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Sermons about Unbelief
We Christians have a clear and precise call: "Go and make disciples". Are we doing doing this? Are you made being a disciple and does this spur you to go out and do this same thing at our jobs, in our communities, within our churches? Do we draw near and hear God's call just as Mozes did? Are we as faithful as he was?
We are plagued with disbelief, doubt, disillusionment, dashed hopes, hardness of heart and a dull, even selectively spiritual memory. All the “proof” in the world can be laid out, but unless Jesus lifts the ‘blinders’, you will be unconvinced and unaffected—heartless. The resurrected Jesus changes the heartless into joy-filled followers.
Things don’t always turn out the way we think they should or the way we wanted them to at the time. We have our own idea how the perfect scenario should unfold and how we end up happily ever after.
Do you read and study God's Word (Bible) to learn the truth it holds? Or are you seeing the miraculous signs, but still not believe in Him? Do you believe in Jesus but don't proclaim His name in public out of fear what the world might say and think of you? Do you love praise of man more then praise of God?
What is faith? It is a radical trust and loyalty to God. It can't be know if it is not revealed to you. Faith can't come from self or from the world. It can only come from God, because He made it known. Without faith we can't imagine the things we have faith for. Faith is a response from God revealing Himself to us. It is a divine gift of grace and our response to it.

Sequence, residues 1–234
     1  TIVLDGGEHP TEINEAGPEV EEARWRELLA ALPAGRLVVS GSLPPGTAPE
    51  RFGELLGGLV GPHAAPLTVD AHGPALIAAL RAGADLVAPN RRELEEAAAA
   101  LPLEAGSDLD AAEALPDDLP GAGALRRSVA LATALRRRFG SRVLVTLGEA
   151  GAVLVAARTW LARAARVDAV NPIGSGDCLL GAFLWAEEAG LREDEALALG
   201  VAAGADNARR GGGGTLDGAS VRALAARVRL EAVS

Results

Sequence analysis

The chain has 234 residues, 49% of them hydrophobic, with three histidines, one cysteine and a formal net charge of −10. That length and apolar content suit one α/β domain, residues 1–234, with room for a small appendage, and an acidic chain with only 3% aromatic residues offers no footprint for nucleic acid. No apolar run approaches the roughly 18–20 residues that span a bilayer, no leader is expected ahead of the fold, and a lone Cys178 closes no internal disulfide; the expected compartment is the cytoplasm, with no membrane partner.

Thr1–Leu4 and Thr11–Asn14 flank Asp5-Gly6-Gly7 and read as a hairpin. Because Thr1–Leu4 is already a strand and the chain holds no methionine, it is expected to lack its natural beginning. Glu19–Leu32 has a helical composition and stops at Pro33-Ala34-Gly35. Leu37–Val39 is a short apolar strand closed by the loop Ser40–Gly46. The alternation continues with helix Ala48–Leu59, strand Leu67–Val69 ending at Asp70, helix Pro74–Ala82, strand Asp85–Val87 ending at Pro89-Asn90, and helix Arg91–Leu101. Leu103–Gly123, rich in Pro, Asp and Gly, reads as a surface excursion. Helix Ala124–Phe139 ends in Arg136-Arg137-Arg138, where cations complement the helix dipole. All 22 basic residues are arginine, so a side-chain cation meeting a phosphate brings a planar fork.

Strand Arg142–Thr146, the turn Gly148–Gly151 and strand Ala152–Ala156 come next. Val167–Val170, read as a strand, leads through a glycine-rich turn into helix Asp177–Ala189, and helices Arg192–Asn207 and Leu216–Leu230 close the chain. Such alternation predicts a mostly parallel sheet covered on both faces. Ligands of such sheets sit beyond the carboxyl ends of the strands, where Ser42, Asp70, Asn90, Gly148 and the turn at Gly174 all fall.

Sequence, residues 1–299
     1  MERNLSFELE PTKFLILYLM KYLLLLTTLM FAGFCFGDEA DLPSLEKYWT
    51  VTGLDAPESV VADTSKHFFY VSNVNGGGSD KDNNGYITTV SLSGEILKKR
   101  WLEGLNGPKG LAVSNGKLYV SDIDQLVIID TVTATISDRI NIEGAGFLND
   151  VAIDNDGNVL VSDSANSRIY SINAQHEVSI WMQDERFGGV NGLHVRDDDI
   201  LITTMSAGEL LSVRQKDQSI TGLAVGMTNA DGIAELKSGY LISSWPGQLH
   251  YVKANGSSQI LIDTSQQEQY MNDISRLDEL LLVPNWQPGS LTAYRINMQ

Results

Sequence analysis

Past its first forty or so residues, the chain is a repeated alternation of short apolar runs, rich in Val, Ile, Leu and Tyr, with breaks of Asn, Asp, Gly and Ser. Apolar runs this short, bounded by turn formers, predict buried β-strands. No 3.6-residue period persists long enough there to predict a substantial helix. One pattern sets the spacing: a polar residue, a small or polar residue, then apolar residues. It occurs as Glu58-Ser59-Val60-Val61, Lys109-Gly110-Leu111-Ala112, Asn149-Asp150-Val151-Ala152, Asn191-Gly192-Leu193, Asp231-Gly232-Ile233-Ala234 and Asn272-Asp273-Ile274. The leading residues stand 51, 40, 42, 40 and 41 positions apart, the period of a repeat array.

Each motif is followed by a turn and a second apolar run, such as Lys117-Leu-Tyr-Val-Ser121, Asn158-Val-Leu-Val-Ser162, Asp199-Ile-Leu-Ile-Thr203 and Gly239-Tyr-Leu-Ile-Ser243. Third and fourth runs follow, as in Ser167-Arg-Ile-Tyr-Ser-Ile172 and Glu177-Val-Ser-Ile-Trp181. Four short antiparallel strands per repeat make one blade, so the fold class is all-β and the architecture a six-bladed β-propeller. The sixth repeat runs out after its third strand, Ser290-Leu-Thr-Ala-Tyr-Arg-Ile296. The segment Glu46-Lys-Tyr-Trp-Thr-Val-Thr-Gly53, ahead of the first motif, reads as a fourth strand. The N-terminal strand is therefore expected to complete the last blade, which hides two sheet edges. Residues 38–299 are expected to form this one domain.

In John 21:24-29 we see Thomas unable to relate with the joy the other disciples have because he has not seen the risen Christ. As doubt plagues his mind, he comes up with conditions for him to be able to believe that God has resurrected Jesus after the bloody cross. Where is it that we demand proof before we believe? Listen and hear about a God who comes to give us peace and open our eyes in the midst of doubt and unbelief.
In order to truly and meaningfully celebrate Christmas, we must prepare our hearts for our Saviour. But we are often deterred when we feel that God has been inactive in our lives, when our hearts are full of disappointment, or when we underestimate what God can do. This sermon looks into Luke 1:5-25 and testifies that God is always at work – even in the silence, in the midst of our disappointments, and despite our unbelief.
A look into a faith that doesn't save and one that does.
What we learn from Mark’s account in 16:1-8 is this: Regardless of how bad you have blown it, no one is beyond the restoring love God in Christ. If, like Peter, you blow it big time and fall into a great sin after you become a Christian, do not throw away your confidence in the restoring love of God for you in Christ. This passage teaches us to not expect condemnation, wrath, abandonment, rejection, conditional grace, embarrassment, demands of penance and acts of contrition, etc… What then are we to expect? We are going to see that our Triune God’s response in Christ is not what we expect but it is the best news we could ever receive. Even even in the face of unbelief by the women who were expecting decomposition rather than resurrection, even when all of Christ’s disciples left Him and fled in fear in the face of great temptation and trial and even when Peter outright denied Jesus, Mark shows us that Jesus is reaching out to all of them in restoring love! Mark makes special mention of Peter because he is the heaviest of them all. He blew it the worst! Because Mark’s account gives special mention of Peter, this removes all doubt of His love for them all! Mark's account of Jesus' resurrection reveals what the love of our Triune God in Christ does, namely it scatters our despair and assures us that we still have a place of acceptance and love in the Father’s heart despite our ongoing sin.